Salam Shabab (Peace Youth) began as the first reality television program made to promote the empowerment of Iraqi youth. Filmed and produced in Iraq in partnership with Magic Carpet for Media Production and Steel River Productions, each season of Sala m Shabab followed 54 Iraqi teens from six different provinces as they produced their own short films, performed on stage, and used teamwork to win sport and educational challenges.
The project developed an active social media presence with huge following from youth across the Middle East. This online community created an environment that empowered youth to use technology to spark peacebuilding in the communities. Whether by providing youth with access to online toolkits that trained them on how to use technology for social good or by fostering a digital space that encouraged them to participate in civil society and share their narratives, Salam Shabab sought to improve knowledge, promote positive attitudes, and shape behaviors to foster effective peacebuilding in local communities across the Middle East.
In 2012, Salam Shabab won the prestigious UNESCO Prize for Intercultural Dialogue at the Prix Jeunesse.
This Piece Brief presents a unique collection of Iraqi youth perspectives based on recent research as well as firsthand views of Iraqi youth participating in the filming of the Salam Shabab (Peace Youth) reality TV series.
Iraqi media stakeholders have identified media incitement to violence as a crucial issue, especially during election periods. As a result, USIP convened a conference on September 25-26, 2009 to explore the complex issue and to identify specific action points for mitigating inflammatory coverage in Iraq. This brief documents the findings of that conference.
In order to address some of the challenges facing youth in Iraq, USIP and its Iraqi partners created a multimedia program that provides Iraqi teenagers with tools that can help them grow into independent, empowered citizens within a complex society. This report offers an introduction to USIP’s youth media project, a summary of an expert working group and the next steps in developing the program designed to help Iraqi teenagers in becoming active contributors to peace in Iraq.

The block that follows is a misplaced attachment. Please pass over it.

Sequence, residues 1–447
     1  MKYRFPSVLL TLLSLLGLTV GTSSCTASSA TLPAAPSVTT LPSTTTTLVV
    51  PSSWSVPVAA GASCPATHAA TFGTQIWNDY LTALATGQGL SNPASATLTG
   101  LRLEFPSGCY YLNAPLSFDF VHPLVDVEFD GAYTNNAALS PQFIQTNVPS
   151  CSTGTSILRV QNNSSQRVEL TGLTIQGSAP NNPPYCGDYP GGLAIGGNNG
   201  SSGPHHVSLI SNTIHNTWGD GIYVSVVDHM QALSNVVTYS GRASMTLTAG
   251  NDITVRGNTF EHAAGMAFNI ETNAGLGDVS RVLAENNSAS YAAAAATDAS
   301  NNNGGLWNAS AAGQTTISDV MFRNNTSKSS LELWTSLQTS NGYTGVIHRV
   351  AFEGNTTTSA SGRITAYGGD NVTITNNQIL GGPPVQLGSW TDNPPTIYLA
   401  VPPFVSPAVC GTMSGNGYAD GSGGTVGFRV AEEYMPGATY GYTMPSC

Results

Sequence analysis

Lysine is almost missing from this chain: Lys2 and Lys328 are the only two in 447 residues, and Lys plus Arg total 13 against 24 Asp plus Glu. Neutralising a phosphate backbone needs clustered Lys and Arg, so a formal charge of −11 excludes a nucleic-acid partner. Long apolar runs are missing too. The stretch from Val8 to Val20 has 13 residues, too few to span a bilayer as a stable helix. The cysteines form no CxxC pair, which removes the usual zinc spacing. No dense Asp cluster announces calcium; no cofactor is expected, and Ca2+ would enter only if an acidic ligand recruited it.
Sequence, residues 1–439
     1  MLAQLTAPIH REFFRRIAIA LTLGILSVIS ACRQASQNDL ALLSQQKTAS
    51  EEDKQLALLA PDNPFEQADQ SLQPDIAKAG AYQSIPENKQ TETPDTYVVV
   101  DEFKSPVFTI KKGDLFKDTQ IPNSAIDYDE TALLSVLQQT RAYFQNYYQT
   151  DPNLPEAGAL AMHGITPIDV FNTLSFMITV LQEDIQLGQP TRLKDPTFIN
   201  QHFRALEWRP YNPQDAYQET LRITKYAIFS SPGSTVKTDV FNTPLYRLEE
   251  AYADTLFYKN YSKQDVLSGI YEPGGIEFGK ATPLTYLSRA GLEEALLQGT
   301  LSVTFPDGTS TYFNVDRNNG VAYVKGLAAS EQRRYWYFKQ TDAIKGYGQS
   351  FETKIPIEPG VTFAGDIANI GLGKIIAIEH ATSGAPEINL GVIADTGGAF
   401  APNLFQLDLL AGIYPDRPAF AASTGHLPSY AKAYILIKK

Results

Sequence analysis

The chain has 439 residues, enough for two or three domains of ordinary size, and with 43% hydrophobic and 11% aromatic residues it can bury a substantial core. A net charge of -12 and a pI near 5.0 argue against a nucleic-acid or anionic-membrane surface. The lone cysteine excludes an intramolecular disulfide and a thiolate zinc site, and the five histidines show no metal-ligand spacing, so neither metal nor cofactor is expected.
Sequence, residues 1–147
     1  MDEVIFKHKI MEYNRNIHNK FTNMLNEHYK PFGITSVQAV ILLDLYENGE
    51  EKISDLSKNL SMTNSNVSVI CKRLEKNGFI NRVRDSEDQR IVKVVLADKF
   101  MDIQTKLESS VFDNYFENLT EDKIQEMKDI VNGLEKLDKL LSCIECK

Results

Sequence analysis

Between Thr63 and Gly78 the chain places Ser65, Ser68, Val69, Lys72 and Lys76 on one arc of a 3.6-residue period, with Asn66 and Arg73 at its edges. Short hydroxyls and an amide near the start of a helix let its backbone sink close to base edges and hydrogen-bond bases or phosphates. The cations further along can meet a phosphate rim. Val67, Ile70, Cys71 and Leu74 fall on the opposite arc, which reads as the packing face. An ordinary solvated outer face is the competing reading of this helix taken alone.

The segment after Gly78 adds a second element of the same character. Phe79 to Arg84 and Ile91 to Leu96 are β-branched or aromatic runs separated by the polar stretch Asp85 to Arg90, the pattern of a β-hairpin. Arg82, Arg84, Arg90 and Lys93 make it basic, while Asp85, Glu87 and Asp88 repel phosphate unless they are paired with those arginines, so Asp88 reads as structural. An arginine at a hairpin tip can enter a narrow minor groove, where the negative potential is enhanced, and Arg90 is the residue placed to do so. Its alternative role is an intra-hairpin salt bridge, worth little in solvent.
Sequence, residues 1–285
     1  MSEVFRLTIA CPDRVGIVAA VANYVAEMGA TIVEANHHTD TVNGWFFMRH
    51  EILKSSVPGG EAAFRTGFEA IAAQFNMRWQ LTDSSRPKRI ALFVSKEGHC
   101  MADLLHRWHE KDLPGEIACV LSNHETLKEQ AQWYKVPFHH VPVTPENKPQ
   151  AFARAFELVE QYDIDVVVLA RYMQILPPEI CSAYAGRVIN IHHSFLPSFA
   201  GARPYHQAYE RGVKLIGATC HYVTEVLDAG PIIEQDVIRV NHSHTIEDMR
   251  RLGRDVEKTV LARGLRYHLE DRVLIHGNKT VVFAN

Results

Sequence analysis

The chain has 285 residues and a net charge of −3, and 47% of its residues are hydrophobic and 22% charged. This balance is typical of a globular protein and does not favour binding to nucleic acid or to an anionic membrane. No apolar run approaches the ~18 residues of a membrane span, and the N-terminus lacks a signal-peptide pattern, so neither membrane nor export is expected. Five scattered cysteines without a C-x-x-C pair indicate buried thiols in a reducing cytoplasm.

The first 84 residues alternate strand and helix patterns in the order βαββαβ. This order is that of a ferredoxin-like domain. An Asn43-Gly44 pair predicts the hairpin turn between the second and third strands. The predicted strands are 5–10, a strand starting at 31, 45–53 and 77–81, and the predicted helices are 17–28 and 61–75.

These guidelines are a resource developed by USIP in collaboration with UNESCO and Iraqi media partners. They are designed as a self-regulatory tool for media to gain awareness about the dangers of inflammatory language in reporting on elections. This Arabic resource, which includes suggested alternatives to facilitate more conflict-sensitive reporting, has been distributed to Iraqi media outlets and government offices prior to Election Day in Iraq.
On January 25, an event at USIP explored what connects and divides Iraqi youth from others across the region. In addition to a panel of three dynamic young cultural leaders and activists, the afternoon featured an exclusive screening of one episode from Season 1 of Salam Shabab, the first peacebuilding television series for Iraqi youth supported by USIP. A question and answer session with the show's producers followed the screening, and the evening concluded with a live performance by Iraqi pop band UTN1.
In December of 2011, USIP held a second Preventing Media Incitement to Violence in Iraq Workshop in Erbil for Iraqi media regulatory bodies, news media and civil society monitoring NGOs. Since a key objective of the workshop was to place ownership of self-regulatory tools into the hands of Iraqi media stakeholders themselves, USIP and expert trainers designed a practical, hands-on training program to instruct participants in content analysis methodology and style guide development for application at their own organizations.
This first Preventing Media Incitement to Violence in Iraq Workshop gathered fifteen high-level Iraqi media stakeholders from government, news media and civil society to preview preliminary content analysis results of the top five Iraqi satellite channels’ coverage of the 2010 parliamentary elections. The content analysis was then used as a training tool to teach participants how to conduct their own content analysis. In addition, they collaboratively developed the foundations for a customizable Style Guide for preventing media incitement to violence in Iraq.